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Whilst the world squares up to the coronavirus COVID-19 pandemic, some fraudsters are using it as an opportunity to cash in. The Chartered Trading Standards Institute (CTSI) has warned of emails which claim to be from the government offering a tax rebate to support people through this difficult time.

Aside from being a right royal pain the proverbial, these junk emails can pose a pretty serious risk. The official looking emails tell recipients how much is apparently waiting to be claimed, ‘just click the link to provide your details’.

Even now, it’s essential to continue protecting your business and your devices from the threat of cybercrime. So, what should you be looking out for?

Clickbait subject lines

The first thing to notice is the subject line. Wording which urges you to click through will almost always turn out to be spam.

Notorious culprits include:

  • Urgent action required
  • Verify your account with us
  • Payment overdue
  • Limited offer
  • Exclusive report attached

Suspicious looking senders

Of course, masters of junk have wised up over the years and made their subject line craft more deceptive than ever. So, digging a little deeper, who is it from?

Does the email address seem legitimate? Does the email address match the ‘company’ the email is from? Is the email attached to a real domain? If not, steer clear.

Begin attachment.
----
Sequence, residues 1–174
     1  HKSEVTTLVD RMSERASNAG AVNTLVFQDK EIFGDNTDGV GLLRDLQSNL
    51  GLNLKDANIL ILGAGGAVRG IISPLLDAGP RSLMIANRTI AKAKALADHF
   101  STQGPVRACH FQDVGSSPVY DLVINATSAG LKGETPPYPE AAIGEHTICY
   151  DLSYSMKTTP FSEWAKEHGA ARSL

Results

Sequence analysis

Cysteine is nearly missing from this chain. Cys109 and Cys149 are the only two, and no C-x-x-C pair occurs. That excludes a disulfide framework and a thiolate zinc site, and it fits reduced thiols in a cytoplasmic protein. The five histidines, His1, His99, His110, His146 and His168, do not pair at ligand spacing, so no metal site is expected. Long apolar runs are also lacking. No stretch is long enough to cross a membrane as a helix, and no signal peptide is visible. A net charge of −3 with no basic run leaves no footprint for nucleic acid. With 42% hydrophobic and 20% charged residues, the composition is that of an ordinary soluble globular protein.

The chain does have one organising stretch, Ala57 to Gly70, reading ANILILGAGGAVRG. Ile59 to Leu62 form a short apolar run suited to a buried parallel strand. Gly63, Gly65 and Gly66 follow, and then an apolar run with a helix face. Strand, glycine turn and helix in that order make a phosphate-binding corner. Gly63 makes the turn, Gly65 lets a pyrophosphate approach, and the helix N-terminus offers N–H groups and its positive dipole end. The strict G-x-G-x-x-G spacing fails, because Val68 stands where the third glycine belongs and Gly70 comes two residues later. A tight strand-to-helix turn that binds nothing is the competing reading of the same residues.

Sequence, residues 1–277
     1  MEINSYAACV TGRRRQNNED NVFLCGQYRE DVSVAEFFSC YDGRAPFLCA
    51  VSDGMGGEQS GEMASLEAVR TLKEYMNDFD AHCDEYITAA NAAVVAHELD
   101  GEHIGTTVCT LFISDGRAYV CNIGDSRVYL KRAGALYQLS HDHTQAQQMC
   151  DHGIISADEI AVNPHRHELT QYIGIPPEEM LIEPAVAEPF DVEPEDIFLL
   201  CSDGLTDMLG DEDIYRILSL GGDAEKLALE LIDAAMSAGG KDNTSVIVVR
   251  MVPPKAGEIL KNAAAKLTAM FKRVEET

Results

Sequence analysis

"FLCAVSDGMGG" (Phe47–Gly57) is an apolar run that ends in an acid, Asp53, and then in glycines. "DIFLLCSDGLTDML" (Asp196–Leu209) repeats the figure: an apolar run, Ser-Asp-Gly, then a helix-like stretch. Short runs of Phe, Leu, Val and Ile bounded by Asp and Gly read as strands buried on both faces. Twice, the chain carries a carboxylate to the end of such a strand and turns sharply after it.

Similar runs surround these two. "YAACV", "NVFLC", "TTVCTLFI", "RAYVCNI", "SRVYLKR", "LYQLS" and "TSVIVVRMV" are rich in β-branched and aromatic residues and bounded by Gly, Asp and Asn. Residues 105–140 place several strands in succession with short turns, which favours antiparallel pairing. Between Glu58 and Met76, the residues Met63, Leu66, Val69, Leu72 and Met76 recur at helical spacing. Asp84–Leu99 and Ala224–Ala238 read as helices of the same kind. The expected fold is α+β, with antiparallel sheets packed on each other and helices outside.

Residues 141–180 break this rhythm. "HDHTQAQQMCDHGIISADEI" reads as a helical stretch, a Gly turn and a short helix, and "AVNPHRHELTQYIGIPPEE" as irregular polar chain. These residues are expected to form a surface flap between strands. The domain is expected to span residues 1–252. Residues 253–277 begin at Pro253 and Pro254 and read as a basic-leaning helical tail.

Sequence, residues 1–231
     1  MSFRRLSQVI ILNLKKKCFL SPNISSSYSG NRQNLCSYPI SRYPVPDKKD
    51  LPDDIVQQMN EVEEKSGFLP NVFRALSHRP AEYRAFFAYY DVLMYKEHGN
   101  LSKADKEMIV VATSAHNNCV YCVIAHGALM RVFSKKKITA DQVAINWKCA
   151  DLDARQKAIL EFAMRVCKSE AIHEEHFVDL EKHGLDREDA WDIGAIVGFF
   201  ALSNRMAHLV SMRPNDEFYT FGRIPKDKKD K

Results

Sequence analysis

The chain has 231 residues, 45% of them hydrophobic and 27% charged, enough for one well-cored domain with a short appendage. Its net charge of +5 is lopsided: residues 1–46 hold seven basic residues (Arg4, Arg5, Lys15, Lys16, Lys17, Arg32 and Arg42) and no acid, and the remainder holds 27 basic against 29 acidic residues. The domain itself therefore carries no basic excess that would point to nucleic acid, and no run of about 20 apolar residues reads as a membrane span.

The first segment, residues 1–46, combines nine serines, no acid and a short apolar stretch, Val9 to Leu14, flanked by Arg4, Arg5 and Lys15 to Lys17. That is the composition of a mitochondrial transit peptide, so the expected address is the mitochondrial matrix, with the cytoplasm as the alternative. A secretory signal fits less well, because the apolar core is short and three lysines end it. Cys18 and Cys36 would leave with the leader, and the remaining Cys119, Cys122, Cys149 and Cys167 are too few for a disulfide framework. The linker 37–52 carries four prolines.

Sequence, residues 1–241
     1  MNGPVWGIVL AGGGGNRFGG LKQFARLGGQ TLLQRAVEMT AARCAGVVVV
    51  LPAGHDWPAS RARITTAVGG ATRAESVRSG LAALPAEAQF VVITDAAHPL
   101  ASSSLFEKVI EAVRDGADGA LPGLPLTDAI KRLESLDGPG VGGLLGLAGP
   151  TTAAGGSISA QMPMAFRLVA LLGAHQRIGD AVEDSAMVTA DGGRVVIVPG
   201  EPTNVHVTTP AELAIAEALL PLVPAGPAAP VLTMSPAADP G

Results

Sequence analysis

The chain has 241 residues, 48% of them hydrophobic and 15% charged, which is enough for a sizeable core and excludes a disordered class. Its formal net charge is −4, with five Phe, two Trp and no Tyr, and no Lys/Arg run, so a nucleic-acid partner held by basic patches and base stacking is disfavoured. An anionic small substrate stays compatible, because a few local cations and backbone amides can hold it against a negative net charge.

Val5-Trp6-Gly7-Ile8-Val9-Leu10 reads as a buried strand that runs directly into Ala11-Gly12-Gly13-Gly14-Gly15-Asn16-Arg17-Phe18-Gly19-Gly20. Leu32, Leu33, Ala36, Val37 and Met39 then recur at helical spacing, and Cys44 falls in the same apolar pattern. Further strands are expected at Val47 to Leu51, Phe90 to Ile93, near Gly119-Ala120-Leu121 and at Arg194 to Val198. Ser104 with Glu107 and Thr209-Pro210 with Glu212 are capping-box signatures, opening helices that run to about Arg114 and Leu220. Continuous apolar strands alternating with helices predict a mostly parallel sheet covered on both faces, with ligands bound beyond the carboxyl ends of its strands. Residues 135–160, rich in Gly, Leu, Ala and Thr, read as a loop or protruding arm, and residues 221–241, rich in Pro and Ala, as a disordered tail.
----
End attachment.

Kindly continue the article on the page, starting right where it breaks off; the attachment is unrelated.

Keep a close eye on the send date too

It’s also worth paying close attention to the date the email says it was sent (or received). If coming from an untrustworthy source, sometimes the date will be way back in the past, or way into the future. If your gut tells you the send date isn’t normal, the best thing to do is trust it.

Other things to watch out for

  • Poor grammar
  • Bad spelling
  • Poor translation of non-native English language
  • Download links to something you haven’t asked for
  • Hyperlinks which don’t go to the same URL as the link suggests (check this without clicking by hovering over the hyperlink)
  • Attachments of files you haven’t requested

Have you been affected by COVID-19 related scams? Let us know using the social media links at the bottom of the page. Our teams are also all working remotely if you would like more information about the services we offer; simply call 020 3355 4047.

About The Author

Stephanie Whalley

Serial snacker, compulsive cocktail sipper and full time wordsmith with a penchant for alliteration, all things marketing and pineapple on pizza.

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